Although it may seem exotic, the lotus root (Nelumbo nucifera) is not only a beautiful addition to one’s culinary experience, but also provides a variety of rather impressive health benefits. It is a good source of essential nutrients such as copper, iron, potassium, vitamin C, thiamine, riboflavin and pyridoxine and contains small amounts of vitamins B5, B9 and B3. If you live nearby an Asian market or have access to fresh lotus roots, you can enjoy all the benefits this exotic vegetable has to offer.
What does lotus root look like? Well, lotus root is an elongated, plump, pale brown culinary root vegetable which ranges in size from 10-20 cm to 1.2 meters. Impressive right? Although we call it lotus root, it is actually the stem of the lotus plant which rises from the muddy bottom of a river or pond to support the gentle flowers resting peacefully on the leaves. Being an aquatic plant, lotus root should never be eaten raw because there is a high risk of parasitic infection. The preferred cooking methods include frying, steaming or boiling and the tender rhizomes make an excellent salad or side dish.
On the outside, lotus roots are plain-looking vegetables with a pale brown skin and a plump, elongated appearance. However, on the inside, the vegetables appear perforated so that when you slice them they look somewhat like beautiful, milky white snowflakes or, if you ask me, like the stout of a watering can. Although lotus root is edible raw (and tastes a little better than raw potato), experts strongly advise cooking it prior to consumption. Eating raw lotus root can increase the risk for parasite infections (Fasciolopsis buski) due to potentially unsanitary growing conditions such as the presence of pig farms nearby which can lead to cross-contamination, use of manure for soil fertilization and so on.
What does lotus root taste like? Except for a mild bitterness and sweet starchiness, the root of the lotus plant doesn’t really taste like anything. However, what is great about it is that it is pleasantly crunchy and tender at the same time. Whether you simmer it for several hours or stir-fry it, it preserves its crisp texture, yet remains tender, somewhat creamy, provided you choose it right.
How to choose good lotus root. For the best culinary experience, go for younger lotus roots. The younger the root, the tenderer it is. Young lotus roots are smaller in size and have a pale brown, almost whitish skin. Old lotus roots are not only significantly bigger, but also tend to turn dark brown. Also, avoid lotus roots with spots and blemishes, soft parts and any other similar defects. A firm, medium-sized root should meet all of your culinary demands.
What are the benefits?
What is lotus root good for? Find out below what are the top 8 health benefits of eating lotus root:
1) Helps relieve constipation naturally. Lotus root has 4.9 g of dietary fiber/100 g of root. Dietary fiber adds bulk to stools, facilitating their passing through the intestine and thus relieving constipation. When increasing your fiber intake (to about 20-25 g per day) remember to drink plenty of water so the fiber can work its magic.
2) Promotes digestive health. Some forms of dietary fiber initiate fermentation processes within the digestive tract from which healthy gut bacteria may profit. Also, by relieving constipation and supporting intestinal motility, foods rich in dietary fiber such as lotus root promote digestive health.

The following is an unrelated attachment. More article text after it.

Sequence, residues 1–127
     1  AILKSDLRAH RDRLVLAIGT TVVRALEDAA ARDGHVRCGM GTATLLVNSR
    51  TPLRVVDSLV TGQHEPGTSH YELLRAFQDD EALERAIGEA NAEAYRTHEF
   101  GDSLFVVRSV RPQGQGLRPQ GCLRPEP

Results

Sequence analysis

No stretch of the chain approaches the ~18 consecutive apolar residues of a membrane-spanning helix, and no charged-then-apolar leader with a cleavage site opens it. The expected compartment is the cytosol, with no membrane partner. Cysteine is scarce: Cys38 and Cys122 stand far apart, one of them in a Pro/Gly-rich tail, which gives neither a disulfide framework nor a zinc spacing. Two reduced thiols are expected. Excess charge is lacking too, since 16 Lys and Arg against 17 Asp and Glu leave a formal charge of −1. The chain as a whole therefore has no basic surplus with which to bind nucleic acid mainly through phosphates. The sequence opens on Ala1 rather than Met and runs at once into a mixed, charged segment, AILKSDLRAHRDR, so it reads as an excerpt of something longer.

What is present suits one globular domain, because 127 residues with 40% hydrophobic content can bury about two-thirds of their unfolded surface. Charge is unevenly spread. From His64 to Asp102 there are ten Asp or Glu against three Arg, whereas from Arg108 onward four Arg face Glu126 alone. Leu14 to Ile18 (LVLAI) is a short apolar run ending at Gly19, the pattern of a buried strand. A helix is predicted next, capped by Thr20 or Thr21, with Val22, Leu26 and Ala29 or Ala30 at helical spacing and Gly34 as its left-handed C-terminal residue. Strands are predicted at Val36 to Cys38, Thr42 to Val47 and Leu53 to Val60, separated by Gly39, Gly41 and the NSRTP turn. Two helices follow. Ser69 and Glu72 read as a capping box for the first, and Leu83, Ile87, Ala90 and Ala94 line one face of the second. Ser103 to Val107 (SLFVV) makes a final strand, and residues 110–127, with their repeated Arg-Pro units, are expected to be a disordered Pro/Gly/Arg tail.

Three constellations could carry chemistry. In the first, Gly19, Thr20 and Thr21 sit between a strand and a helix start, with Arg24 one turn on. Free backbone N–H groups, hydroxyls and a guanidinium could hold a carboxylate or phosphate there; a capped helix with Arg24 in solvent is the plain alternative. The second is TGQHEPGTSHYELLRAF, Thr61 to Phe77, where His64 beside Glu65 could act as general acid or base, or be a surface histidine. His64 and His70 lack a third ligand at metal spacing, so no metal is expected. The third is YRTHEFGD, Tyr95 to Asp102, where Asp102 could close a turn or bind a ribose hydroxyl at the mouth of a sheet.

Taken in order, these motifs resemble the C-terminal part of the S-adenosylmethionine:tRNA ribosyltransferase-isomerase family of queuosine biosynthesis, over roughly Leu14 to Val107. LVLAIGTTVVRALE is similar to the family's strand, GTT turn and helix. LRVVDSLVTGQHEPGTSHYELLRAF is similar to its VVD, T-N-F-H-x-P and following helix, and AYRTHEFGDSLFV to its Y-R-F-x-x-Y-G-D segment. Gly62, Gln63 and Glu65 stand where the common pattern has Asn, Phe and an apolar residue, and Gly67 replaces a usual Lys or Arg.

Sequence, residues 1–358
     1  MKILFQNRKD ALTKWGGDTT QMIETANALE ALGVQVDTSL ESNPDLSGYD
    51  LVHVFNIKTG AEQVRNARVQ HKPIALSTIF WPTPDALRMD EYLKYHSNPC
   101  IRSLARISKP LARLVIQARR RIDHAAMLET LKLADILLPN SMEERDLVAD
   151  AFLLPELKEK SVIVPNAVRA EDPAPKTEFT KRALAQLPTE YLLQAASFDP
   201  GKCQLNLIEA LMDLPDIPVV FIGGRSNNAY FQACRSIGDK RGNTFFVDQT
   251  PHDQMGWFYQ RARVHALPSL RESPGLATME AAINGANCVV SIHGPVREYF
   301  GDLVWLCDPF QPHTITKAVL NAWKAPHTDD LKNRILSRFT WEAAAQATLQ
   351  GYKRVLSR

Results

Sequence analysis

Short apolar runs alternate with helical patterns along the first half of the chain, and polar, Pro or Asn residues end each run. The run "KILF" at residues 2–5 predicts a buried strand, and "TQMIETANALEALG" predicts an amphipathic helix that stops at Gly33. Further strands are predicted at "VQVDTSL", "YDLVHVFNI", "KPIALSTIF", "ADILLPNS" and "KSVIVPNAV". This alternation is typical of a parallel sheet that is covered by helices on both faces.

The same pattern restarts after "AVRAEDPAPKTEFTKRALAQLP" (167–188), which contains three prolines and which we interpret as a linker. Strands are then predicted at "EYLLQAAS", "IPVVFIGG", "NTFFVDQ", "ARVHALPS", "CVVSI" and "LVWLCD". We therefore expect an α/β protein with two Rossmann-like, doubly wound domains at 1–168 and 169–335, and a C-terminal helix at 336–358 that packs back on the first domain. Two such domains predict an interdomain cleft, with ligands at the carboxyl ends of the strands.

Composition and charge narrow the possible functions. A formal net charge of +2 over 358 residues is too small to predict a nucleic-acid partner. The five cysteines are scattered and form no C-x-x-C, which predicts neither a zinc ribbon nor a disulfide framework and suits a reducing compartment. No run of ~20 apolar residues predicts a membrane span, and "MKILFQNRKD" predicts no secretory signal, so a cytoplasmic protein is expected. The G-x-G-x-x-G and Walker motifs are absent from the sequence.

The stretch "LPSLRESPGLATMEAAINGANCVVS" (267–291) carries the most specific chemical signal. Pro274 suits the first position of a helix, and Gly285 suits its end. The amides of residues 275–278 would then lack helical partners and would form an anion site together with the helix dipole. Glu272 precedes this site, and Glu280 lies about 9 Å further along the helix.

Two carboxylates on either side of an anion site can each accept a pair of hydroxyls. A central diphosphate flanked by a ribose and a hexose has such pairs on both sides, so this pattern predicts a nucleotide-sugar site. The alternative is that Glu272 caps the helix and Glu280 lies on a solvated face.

3) Has cholesterol-lowering properties. The dietary fiber in lotus roots binds to the fat in the ingested food and prevents it from being absorbed at the intestinal level along with nutrients. This indirectly contributes to lower blood cholesterol levels, significantly reducing LDL (bad) cholesterol. The cholesterol-lowering properties of various foods are directly proportionate to one’s fiber intake.
4) Offers antioxidant protection. Lotus roots contain great amounts of vitamin C (73% of the RDA) as well as copper (29%) and other phytochemicals with antioxidant properties. Vitamin C and copper both offer protection against free radical damage buildup and subsequent chronic diseases.
5) Supports nervous system activity. A rich source of B vitamins, notably thiamine, riboflavin and pyridoxine, lotus roots help support nervous system activity. For instance, thiamine, or vitamin B1, helps improve memory and concentration and strengthens nerves. B vitamins also ensure good energy levels by means of an appropriate carbohydrate synthesis.
6) Offers antiviral and antibacterial protection. Lotus root owes its impressive antibacterial and antiviral properties to its high vitamin C content. A high intake of vitamin C stimulates immunity and thus helps improve and reduce the frequency of viral and bacterial infections.
7) Lowers high blood pressure. Being a good source of potassium (12%), lotus root contributes to regulating body fluids and blood pressure levels. Including potassium-rich foods as well as magnesium-rich foods (for the heart muscle and blood vessels) in your diet should significantly improve cardiovascular health.
8) Promotes healthy hair and eyes. The good amounts of copper in lotus root (29%) contributes to healthy hair and eyes. Copper deficiency will, in time, lead to premature hair graying and iris discoloration, two major signs of aging.
If you want to grow your own lotus, you will definitely need underwater space and patience. Although you can grow it from seeds, experts advise using roots instead. Even in this case, the first floating leaves will emerge after a minimum of 5-6 months. If you already have an artificial pond, then you might give this a try. Not only will you get beautiful lotus flowers to flatter your garden, but you can also eat the roots, flower stems and seeds of the plants.
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